A palette of colours …

Urán-Bardet… just until the end

The Tour favourite won. This is undisputable, but the general classification battle didn't come down to a chase for honourable mention among Chris Froome's pursuers. For the first time, the Briton even lost possession of the Yellow Jersey in the mountains after dropping time in the final metres of the Pau-Peyragudes stage. On that day Fabio Aru seemed to brilliantly embody the character of the possible Italian successor to Vincenzo Nibali in the Tour de France record book. What happened after showed that the Astana leader didn't have the constancy needed for such a challenge, while Froome's failure didn't reveal a real decline.

Although he was back in Yellow at Rodez, Froome wasn't finished in having to cope with the competition. His main rival, Richie Porte, had already left Le Tour after a nasty crash and Nairo Quintana wasn't riding on the same form as he did in his runner-up finishes in 2013 and 2015. However, both Romain Bardet and Rigoberto Urán kept the suspense alive in harassing the overall leader at less than 30 seconds. They kept the pressure on just until the final time-trial on the eve of the arrival in Paris, where the Frenchman and Colombian switched places on the podium. Romain Bardet didn't live up to expectations in Marseilles, and only kept third place by the skin of his teeth, crossing the line with just one second to the good from 4th place overall, Mikel Landa.

Matthews, the survivor

The tight circle of sprinters experienced a haemorrhage on the 2017 Tour de France, beginning with the disqualification of the five-time winner of the points classification, Peter Sagan, opening up the possibilities for a large number of candidates… whose number quickly shrunk. Mark Cavendish was next on the list of early retirees, after suffering a fractured shoulder blade on stage four. Arnaud Démare was in the hunt for the Green Jersey when he left Le Tour prematurely after missing the finish time cut at Chambéry.

On that day, Marcel Kittel was in green, his superiority on the sprints guaranteed him a bright future: with five victories in 11 stages after his win at Pau, he could even hope to chase down the records if he rode faultlessly just to Paris. Yet, the German's lead in the points classification didn't discourage Michael Matthews from putting in a fierce pursuit, making the most of all the different terrains where he could score the points that Kittel was incapable of picking up. After his victory in Romans, the Australian was just 29 points behind…which was enough to encourage him to join the break away on the road to Serre-Chevalier. At the intermediate sprint, he was within nine digits! But more importantly, Kittel crashed 20kms into the race then withdrew from the race, injured and no longer able to deal with the pain. Matthews was the new leader with a comfortable advantage from André Greipel. The Jersey of consistency… or a new way of reliving the fable of the tortoise and the hare.

Barguil, the exploit

“I enjoy myself when I attack” raved Warren Barguil at the arrival in Chambéry, where he suffered the disappointment of finishing second, beaten in a sprint by Rigoberto Urán. During this break away day at high altitude, the native of Brittany made his way over the Grand Colombier and the Mont du Chat in the lead to take possession of the Polka dot Jersey. Having stumbled in previous years when it came to his general classification ambitions, Barguil decided to change his goals. He had fun and it paid off.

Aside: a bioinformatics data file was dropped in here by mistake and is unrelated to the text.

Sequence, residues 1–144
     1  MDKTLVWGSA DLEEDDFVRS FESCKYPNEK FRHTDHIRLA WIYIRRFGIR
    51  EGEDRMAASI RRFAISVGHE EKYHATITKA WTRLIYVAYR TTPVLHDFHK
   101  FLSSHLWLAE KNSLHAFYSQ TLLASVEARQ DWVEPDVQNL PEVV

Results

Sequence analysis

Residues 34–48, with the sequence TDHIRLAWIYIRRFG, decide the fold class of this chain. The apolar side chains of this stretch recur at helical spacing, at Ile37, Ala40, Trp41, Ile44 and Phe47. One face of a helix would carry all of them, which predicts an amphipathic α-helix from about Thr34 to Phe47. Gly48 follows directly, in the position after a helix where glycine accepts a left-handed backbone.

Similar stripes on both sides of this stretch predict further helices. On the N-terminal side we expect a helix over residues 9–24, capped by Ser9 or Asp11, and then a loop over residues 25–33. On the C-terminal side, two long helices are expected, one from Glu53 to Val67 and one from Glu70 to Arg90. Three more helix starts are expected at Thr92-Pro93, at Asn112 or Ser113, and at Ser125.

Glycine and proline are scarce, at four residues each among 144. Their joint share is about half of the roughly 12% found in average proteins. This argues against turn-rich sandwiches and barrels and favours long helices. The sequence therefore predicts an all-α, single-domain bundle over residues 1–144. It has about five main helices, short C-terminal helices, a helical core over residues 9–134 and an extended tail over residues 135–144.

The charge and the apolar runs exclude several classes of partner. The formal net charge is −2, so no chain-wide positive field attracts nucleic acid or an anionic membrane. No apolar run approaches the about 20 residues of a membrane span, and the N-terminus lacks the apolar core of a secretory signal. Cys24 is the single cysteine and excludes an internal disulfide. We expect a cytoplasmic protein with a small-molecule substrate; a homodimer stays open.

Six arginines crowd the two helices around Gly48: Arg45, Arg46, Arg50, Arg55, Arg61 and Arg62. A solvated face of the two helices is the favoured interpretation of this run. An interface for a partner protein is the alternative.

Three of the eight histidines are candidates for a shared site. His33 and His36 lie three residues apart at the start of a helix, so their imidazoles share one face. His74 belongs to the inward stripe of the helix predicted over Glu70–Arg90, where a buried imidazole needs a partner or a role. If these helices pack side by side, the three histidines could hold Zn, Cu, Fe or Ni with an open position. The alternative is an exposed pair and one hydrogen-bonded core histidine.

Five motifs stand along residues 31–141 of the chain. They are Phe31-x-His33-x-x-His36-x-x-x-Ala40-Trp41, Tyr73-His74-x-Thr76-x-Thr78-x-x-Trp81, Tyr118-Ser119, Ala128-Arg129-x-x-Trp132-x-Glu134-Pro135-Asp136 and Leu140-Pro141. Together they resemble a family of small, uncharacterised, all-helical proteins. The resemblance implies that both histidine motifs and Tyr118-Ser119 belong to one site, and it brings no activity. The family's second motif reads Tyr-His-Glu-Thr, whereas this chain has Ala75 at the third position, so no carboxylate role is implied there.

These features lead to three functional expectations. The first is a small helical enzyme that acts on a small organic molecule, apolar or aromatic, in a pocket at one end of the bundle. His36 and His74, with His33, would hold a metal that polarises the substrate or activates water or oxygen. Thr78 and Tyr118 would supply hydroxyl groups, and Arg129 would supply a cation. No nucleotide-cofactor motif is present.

In the wake of his exploit in the Jura “Wawa” attacked again in the following climbs and the Foix stage. In addition to the points picked up at the Mur de Péguère, he claimed his first Tour stage win; then did it again on the most prestigious stage of this year's Tour at Izoard, while the threat from Primož Roglič was basically over. A two stage winner, laureate of the Polka dot Jersey and Le Tour's Super Combativity award, Barguil also finished in the Top 10 of the general classification. The mountains are his turf and pleasure is what drives him.

Yates, Roglič, Groenewegen, Calmejane are the future …

Each edition of the Tour de France offers riders the chance to prove themselves, to experience their first major thrills and to claim a share of the glory…and why not kick start a career. This for example is the vocation of the White Jersey, awarded to the best under 25 rider. Designated as one of the “kids” in the hunt for the honours, Simon Yates pulled away on the Planche des Belles Filles stage, to quickly put distance between himself and rival Louis Meintjes. To add to his pleasure of winning in the category, the Briton followed the success of twin brother Adam, in wearing the White Jersey for two more days then he did!

Primož Roglič has a good excuse for not having made a name for himself in the under 25 classification: he only started competing in cycling at the age of 22, after a career in ski jumping. Five years later, the Slovenian participated for the first time in the Tour de France and he won one of the most popular stages at Serre-Chevalier. The Lotto-Jumbo rider proved he is one of the up and coming talents to keep an eye on, like his team mate, sprinter Dylan Groenewegen, who rose to the occasion on the Champs-Elysées to win the most prestigious race in this domain. Among the newcomers into the club of stage winners, Lilian Calmejane added his contribution at the Station des Rousses to the fine harvest of victories for the French: five wins from four different riders.

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